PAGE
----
Description This application claims priority under 35 U.S.C. §119 to U.S. Provisional Application No. 61/246,673, filed Sep. 29, 2009, the disclosure of which is incorporated by reference herein in its entirety. This application is a continuation-in-part of U.S. patent application Ser. No. 11/877,066, filed Oct. 23, 2007, which claims priority to U.S. Provisional Application No. 60/856,160, filed Nov. 2, 2006, the disclosures of which are incorporated by reference herein in their entireties. 1. Technical Field The present invention relates to modeling data that has been processed by multiple labelers, and more particularly, to producing labeler error/accuracy estimates and simultaneously building a classifier from multi-labeler data. 2. Discussion of the Related Art In many real-life settings, something has to be learned from data. For example, the “thing” to be learned may be “What structures in a set of medical images (the data) are indicative of cancer and thus candidates for biopsy?” This learning may be accomplished with a supervised learning algorithm that analyzes the data to produce a classifier that identifies the biopsy candidates. In general, the data to be learned is labeled by several experts. One reason why several labelers are needed is the lack of a golden ground-truth for many real-life settings. However, depending on the setting, there may be a large variance in the experts' scores that can lead to low overall agreement. For example, radiologists specialized in heart images are better at labeling lesions of the heart compared to radiologists with lung expertise, who on the other hand, label instances of lung diseases better. Several machine learning-based algorithms have been developed that can learn concepts in the presence of simultaneous labels from a group of experts. It has been shown that this class of algorithm can learn the concept better than traditional methods when taking into account all the labels at the same time. However, this class of algorithm assumes that the reliability of labelers is the same across all data. In an exemplary embodiment of the present invention, a method is provided that comprises: receiving multi-labeler data that includes data points labeled by a plurality of labelers; building a model from the multi-labeler data, wherein the model includes an input variable that corresponds to the data points, a label variable that corresponds to true labels for the data points, and variables for the labels given by the labelers; and executing the model, in response to receiving new data points, to determine a level of expertise of the labelers for the new data points, wherein the method is performed using a processor. The method further comprises assigning the new data points to a particular labeler for labeling based on the labeler's level of expertise. The labeler with the highest level of expertise is selected for the labeling of the new data points and wherein the highest level of expertise corresponds to the labeler's estimated ability to label the new data points more accurately than the other labelers. The method further comprises classifying the new data points. A new data point is classified by using less than all of the labels provided by the labelers. The new data points are classified using a classifier that uses just the labels provided by the labelers as input. The labelers include radiologists and the multi-labeler data includes radiological images. The data points correspond to information extracted from regions of the images, the image regions including lesions, abnormalities or other elements of interest for patient treatment or diagnosis. The labelers include medical experts and the multi-labeler data includes medical transcripts. The data points correspond to information extracted from a medical transcript, the information including medical events, diagnosis, procedures underwent and overall state for a patient. In an exemplary embodiment of the present invention, a system is provided that comprises: a memory device for storing a program; a processor in communication with the memory device, the processor operative with the program to: receive multi-labeler data that includes data points labeled by a plurality of labelers; build a model from the multi-labeler data, wherein the model includes an input variable x that corresponds to the data points, a label variable z that corresponds to true labels for the data points, and variables for the labels y given by each labeler t; and execute the model, in response to receiving new data points, to determine a level of expertise of the labelers for the new data points. p(y σ p(y η p(z In an exemplary embodiment of the present invention, a system is provided that comprises: a memory device for storing a program; a processor in communication with the memory device, the processor operative with the program to: receive multi-labeler data that includes data points labeled by a plurality of labelers; build a model from the multi-labeler data, wherein the model includes an input variable x that corresponds to the data points, a label variable z that corresponds to true labels for the data points, and variables for the labels y given by each labeler t; and execute the model, in response to receiving new data points, to determine a level of expertise of the labelers for the new data points, wherein the model is represented by Disclosed herein, in accordance with an exemplary embodiment of the present invention, is a probabilistic model for learning a classifier from multiple labelers, where the reliability of the labelers varies according to each labeler and the data that the labeler observes. This model can not only learn a target concept by using all the available labels for each data point of a set of data points, but it also learns a predictive model for each labeler, wherein the predictive model assesses or scores the appropriateness of each labeler for a new set of data points that needs to be labeled. In this way, for a new set of data points, one can pick the expert with the best chance to label it correctly. This could save a considerable amount of time and money, since the new set of data points could be labeled by one (or a smaller number) of labelers. As shown in Formulaically, the multi-labeler data can be represented as follows. Given N data points {x The multi-labeler data received in step A model is then built from the multi-labeler data ( The probabilistic model is represented formulaically as follows. Define the random variables y In model The joint conditional distribution (i.e., the probabilistic model) can be expressed as:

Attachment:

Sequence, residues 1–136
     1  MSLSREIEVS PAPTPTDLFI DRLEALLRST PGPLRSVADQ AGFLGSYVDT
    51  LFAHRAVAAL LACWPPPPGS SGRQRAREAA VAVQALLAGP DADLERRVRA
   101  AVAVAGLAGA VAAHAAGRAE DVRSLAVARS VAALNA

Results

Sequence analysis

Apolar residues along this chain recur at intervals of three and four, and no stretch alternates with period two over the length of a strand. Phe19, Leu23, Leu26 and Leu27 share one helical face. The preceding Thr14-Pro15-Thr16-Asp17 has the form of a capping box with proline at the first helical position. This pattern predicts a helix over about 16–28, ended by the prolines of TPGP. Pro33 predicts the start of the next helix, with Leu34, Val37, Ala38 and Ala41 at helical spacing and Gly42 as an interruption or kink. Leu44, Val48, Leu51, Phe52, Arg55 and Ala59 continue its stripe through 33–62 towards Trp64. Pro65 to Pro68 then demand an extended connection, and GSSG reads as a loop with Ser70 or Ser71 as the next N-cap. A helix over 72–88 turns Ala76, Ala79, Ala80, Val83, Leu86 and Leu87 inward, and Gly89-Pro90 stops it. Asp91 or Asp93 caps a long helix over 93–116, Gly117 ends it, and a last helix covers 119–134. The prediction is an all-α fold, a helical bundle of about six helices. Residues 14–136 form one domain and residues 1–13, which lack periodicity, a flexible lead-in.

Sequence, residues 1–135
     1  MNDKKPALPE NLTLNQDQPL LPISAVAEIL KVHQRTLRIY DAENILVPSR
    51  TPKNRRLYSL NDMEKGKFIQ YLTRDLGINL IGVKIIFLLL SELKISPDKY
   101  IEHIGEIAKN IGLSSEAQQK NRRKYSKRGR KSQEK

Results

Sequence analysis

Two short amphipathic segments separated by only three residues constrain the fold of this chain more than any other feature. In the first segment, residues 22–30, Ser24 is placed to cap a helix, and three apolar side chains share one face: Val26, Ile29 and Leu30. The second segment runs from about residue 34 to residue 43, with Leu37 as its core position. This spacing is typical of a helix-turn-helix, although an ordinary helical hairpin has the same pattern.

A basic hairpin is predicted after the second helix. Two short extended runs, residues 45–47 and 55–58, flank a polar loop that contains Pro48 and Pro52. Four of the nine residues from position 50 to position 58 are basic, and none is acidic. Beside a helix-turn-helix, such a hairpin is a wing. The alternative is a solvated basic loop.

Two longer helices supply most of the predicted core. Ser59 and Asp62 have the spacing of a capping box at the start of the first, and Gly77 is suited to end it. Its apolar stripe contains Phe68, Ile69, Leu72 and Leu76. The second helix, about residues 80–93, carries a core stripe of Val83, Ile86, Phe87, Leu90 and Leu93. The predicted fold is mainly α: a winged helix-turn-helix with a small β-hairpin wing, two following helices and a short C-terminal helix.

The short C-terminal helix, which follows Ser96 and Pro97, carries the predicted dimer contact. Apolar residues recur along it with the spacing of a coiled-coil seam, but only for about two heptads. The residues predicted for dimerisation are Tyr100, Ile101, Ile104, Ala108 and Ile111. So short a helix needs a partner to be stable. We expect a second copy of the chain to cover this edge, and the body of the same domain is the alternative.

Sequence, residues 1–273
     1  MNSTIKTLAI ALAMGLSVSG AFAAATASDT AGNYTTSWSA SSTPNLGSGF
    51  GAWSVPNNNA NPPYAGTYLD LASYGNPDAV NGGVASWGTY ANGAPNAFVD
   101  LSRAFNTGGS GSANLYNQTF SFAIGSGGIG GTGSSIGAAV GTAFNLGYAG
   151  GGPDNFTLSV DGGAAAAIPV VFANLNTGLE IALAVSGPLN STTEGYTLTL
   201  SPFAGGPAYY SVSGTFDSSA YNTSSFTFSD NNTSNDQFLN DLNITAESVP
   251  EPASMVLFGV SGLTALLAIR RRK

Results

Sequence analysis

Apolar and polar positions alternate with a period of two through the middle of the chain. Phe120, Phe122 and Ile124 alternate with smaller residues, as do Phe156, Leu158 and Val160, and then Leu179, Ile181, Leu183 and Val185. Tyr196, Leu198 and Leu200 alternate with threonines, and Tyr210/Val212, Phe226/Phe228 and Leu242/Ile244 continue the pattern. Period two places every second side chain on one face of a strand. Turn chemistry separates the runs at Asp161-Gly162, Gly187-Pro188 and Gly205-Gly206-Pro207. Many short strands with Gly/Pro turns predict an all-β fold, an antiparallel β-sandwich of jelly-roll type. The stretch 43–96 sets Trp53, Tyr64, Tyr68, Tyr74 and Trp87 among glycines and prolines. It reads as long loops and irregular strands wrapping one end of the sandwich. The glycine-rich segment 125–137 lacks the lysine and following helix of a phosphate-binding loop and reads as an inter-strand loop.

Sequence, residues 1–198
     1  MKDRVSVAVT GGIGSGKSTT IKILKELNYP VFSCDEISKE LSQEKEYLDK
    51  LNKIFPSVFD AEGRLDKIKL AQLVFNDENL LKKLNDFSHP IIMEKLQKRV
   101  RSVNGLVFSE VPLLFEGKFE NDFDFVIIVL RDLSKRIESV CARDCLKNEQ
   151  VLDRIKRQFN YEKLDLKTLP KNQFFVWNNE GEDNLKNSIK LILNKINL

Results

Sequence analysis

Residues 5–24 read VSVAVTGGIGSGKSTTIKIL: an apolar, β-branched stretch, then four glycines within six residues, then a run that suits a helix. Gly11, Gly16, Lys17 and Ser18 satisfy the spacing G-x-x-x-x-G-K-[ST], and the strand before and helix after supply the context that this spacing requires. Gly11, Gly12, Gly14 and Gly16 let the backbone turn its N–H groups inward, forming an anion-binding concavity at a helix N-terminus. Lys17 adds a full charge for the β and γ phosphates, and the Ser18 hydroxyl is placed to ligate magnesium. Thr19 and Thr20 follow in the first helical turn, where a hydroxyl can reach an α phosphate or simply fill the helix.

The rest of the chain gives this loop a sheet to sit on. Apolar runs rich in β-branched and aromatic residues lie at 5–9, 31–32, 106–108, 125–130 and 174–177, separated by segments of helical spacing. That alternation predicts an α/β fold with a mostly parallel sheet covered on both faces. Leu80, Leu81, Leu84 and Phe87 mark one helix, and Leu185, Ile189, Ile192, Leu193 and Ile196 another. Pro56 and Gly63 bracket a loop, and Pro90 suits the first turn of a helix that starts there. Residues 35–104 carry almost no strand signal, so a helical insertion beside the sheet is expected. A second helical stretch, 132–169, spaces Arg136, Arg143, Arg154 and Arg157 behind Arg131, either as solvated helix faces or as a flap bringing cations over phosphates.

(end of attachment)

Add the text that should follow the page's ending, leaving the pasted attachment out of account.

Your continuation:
In the probabilistic model, following that discussed with reference to Start with p(y These models are used as a base for considering cases where p(y|x,z)≠p(y|z). In real applications, it has been noticed that the quality of labels by annotators is not only a function of their expert level, but also of the type of data presented to them as well. For example, radiologists will have difficulty providing quality labels on blurry images. Additionally, some labelers will be more affected by blurry images than others and some labelers are more knowledgeable for some input types than others. In general, annotators will exhibit varying levels of expertise in different types of data. This may be particularly true for non-expert annotators. To model this input dependent variability, the Gaussian model discussed above will be replaced with the following: